‘Multi Mentality’ Allows Dylan Cooper To Succeed

While records are meant to be broken, it’s not uncommon for them to be tied.

But that’s another story in the case of the combined event discipline.

Over the course of two days – or one, if competing in the indoor pentathlon – athletes have multiple chances to score any number of points in different events, where even the slightest difference in measurement or finishing time equals at least a one-point swing.

So, when Dylan Cooper of UW-Eau Claire matched Will Daniels’ NCAA Division III heptathlon record of 5441 points at the 2020 WIAC Indoor Track & Field Championships this past February, it definitely opened some eyes (Daniels established the mark the previous year at the Wartburg Indoor Select, topping the old standard by seven points).

All-Time Top-10 Performers – NCAA DIII Mens’ Indoor Heptathlon

Name
Program
Score
Year
Dylan Cooper
UW-Eau Claire
5441
2020
Will Daniels
Central (Iowa)
5441
2019
Richard Roethel
Christopher Newport
5434
2012
Caleb Cox
Illinois College
5426
2012
Brandon Zarnoth
UW-Eau Claire
5425
2015
Eric Larson
Central (Iowa)
5399
2015
Zach Anderson
UW-Stout
5334
2014
Nate Newman
Ohio Wesleyan
5267
2018
Cody Faust
UW-Platteville
5251
2019
Jack Flood
SUNY Cortland
5247
2017

“You don’t see that too often,” said 2020 USTFCCCA NCAA Division III National Men’s Assistant Coach of the Year Sarah Glidden, who mentors Cooper and the rest of the talented Blugold combined event athletes. “I honestly can’t think of a time that it ever happened.

“But it’s truly a testament to Dylan’s resolve and mental toughness that he was able to bounce back and be in the position that he was in after that first day he had. He’d be the first to tell you that he wasn’t feeling like himself. It really speaks to what kind of competitor he is.”

Cooper left the Kolf Sports Center on that Friday with 2945 points, 207 fewer than Daniels’ record pace and 68 fewer than what he (Cooper) put up the previous month at the Warren Bowlus Open on his way to what was the 11th best score in NCAA DIII history (5325 points).

Something – or better yet, someone – had to change for Cooper to get back on track to have a shot at etching his name atop the NCAA Division III record book, which was a goal he set for himself before the meet began.

“It’s all about having that ‘Multi Mentality,’” Copper said on the phone from his hometown in Holmen, Wisconsin. “I could sit there and feel sorry about myself or I could do everything in my power to make sure it was just one bad day. I hate excuses.”

Cooper rested easier that night knowing Day 2 kicked off with the 60 Meter Hurdles, his signature event. After all, he would have qualified for the NCAA Division III Indoor Track & Field Championships in the open event as the 15th best performer on the Descending Order List with his lifetime PR of 8.17 from the previous week.

But that wasn’t enough for Cooper: Drastic times call for drastic measures.

“I did something that I have never done before a meet,” Cooper said with a laugh. “I listened to hard rock and I’m sure some metal made its way on that playlist. I’m not really a fan and always listen to rap before a meet, but I wanted something to really change my focus.”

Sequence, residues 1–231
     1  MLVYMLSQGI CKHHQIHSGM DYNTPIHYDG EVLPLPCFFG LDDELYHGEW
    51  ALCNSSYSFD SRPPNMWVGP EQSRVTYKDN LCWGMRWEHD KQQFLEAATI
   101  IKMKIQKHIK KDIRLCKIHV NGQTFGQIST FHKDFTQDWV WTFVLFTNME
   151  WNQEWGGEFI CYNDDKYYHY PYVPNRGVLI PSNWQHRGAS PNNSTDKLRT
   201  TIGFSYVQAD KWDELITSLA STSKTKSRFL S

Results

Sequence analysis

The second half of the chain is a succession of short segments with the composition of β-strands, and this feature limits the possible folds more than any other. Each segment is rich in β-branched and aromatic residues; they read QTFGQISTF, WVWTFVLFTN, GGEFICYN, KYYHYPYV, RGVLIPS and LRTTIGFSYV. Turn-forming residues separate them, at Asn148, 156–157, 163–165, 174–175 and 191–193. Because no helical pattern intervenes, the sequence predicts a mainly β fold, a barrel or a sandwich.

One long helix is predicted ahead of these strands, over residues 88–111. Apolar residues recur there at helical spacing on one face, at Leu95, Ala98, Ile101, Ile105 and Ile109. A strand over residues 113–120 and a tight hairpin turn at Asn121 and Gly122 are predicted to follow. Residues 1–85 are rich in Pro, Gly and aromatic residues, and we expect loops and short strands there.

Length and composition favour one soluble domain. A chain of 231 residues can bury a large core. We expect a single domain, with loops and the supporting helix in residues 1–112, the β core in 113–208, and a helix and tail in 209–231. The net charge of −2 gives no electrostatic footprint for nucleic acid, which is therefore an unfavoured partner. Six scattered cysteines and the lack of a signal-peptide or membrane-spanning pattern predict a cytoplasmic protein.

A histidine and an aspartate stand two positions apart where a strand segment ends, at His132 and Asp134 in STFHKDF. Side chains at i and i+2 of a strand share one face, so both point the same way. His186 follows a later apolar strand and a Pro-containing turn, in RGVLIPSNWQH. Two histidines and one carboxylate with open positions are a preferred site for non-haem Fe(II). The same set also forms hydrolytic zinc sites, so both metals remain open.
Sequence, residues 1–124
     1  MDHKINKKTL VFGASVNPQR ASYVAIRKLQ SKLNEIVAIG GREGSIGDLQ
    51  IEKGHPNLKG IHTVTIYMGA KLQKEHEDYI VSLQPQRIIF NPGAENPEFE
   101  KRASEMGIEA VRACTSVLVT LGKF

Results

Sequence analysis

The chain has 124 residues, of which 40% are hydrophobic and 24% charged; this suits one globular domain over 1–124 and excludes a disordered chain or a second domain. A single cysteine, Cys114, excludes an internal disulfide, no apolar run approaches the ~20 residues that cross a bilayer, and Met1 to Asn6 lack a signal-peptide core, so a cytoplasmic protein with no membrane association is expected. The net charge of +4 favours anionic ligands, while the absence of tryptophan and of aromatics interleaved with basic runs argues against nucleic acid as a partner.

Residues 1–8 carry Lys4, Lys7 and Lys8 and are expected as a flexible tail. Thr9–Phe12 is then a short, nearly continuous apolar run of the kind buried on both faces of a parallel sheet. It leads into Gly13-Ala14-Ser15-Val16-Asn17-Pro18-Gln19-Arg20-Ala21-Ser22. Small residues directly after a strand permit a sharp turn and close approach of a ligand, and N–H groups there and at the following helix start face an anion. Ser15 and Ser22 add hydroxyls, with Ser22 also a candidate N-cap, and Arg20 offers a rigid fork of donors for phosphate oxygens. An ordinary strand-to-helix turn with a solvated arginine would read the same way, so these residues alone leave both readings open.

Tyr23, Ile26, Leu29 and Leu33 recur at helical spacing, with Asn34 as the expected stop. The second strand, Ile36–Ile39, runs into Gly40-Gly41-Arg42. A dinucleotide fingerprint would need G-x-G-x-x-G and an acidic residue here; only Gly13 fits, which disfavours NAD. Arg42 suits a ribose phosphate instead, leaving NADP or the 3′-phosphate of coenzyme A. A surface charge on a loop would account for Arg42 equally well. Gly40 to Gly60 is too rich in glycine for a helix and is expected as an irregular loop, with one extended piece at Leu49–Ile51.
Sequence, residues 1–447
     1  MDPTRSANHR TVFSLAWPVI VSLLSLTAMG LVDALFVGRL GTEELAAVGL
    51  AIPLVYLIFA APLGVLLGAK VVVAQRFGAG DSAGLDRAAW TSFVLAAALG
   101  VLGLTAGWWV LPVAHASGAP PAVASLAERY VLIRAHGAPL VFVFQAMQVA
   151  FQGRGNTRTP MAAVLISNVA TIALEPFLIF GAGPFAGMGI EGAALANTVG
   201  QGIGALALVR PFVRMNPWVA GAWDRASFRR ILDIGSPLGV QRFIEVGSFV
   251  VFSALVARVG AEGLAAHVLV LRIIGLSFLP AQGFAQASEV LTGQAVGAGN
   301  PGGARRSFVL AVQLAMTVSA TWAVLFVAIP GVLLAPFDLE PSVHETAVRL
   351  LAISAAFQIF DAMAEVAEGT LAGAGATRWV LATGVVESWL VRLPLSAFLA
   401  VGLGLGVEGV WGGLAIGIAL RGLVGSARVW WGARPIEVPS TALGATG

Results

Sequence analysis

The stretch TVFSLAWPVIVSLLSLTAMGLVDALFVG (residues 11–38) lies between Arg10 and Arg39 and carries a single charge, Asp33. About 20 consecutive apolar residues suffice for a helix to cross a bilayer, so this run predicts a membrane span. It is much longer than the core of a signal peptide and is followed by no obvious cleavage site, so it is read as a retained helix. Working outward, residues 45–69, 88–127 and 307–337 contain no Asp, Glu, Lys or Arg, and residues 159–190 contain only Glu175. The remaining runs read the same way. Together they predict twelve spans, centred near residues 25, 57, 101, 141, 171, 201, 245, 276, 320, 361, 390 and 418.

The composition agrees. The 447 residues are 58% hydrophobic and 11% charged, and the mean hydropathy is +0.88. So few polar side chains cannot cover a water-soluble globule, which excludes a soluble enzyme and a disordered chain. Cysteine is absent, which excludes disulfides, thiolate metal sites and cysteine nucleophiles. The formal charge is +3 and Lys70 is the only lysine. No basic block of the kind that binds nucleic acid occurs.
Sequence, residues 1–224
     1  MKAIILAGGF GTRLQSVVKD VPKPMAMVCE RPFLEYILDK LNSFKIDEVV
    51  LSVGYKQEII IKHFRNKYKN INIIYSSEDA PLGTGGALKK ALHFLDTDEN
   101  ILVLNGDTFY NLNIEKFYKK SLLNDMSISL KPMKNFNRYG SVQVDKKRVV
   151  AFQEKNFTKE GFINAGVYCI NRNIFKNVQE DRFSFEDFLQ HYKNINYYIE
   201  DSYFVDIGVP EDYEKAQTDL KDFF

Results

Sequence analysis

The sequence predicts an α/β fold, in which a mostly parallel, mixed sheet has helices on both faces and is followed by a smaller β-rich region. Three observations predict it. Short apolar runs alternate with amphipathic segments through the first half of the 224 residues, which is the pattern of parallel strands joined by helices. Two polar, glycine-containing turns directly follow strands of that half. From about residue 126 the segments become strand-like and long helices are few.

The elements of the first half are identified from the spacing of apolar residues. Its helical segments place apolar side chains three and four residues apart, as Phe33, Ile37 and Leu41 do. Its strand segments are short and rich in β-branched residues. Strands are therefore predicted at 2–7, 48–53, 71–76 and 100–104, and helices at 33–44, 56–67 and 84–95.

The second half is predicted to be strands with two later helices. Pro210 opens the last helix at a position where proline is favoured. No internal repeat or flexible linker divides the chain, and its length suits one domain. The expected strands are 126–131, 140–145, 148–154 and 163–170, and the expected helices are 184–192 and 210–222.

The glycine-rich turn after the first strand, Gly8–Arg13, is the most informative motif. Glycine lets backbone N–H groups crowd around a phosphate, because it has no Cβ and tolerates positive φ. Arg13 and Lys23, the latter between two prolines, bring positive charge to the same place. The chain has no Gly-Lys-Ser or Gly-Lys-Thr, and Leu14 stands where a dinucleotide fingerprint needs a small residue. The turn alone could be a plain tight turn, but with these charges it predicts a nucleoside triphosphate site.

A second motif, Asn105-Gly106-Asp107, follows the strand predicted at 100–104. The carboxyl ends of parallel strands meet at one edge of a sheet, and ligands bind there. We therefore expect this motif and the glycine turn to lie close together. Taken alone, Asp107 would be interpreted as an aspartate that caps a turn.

Does Cooper remember any of the songs he heard?

“Can’t say I do,” Cooper said. “I wish, though. (His teammate) Marcus (Weaver) loves that stuff and wanted to talk to me about it, but was kind of bummed when all I could tell him was that I was sure I heard AC/DC. I had no idea on the other stuff.”

Well, the rock gods passed their blessings.

Cooper, a senior, began Day 2 with a heptathlon PR in the 60H of 8.29 for 910 points. No one was even close to him in the heat as he won by 0.41 seconds. That pulled him within 136 points of Daniels’ pace from the previous year.

Then Cooper went into the pole vault knowing 4.60m (15-1) or better would put him exactly where he’d want to be entering the final event. He cleared 4.61m (15-1½) for the second best mark of his career and 793 points, which put him 74 points behind Daniels.

Cooper left it all on the track in the 1000 Meters, the final event of the multi. He crossed the finish line first in a PR of 2:47.41 for 793 points, giving him the record-tying total of 5441.

Want to know the difference between sole possession of the record and a 50% stake? Try 0.11 seconds – 2:47.41 (793) versus 2:47.30 (794). The multi is that cruel.

“You can always look back and wonder what else you could have done, but that’s not what happened that day,” Cooper said. “I don’t think I deserved the record after that first day I had, so I couldn’t be happier to share the record with Will. We’re good friends. He’s a great guy.”

And who knows what Cooper – or any athlete, for that matter – could have done two weeks later at the NCAA meet, if it was held. Then again, right now, that’s all conjecture as the coronavirus pandemic had other ideas.

“Dylan gave this really amazing pep talk to the event group before the conference meet about how you should always give it your all, because you never know when it could be your last chance to compete,” Glidden said. “We didn’t know it at the time, but that turned out to be really prophetic.”

Cooper is now training at home, hoping for at least one more shot at a multi this year. If a meet pops up, he’ll enter the decathlon. If not, he’ll keep putting one foot in front of the other.

“It’s tough, but all you can do is control what you can control,” Cooper said. “That’s what that whole ‘Multi Mentality’ is all about.”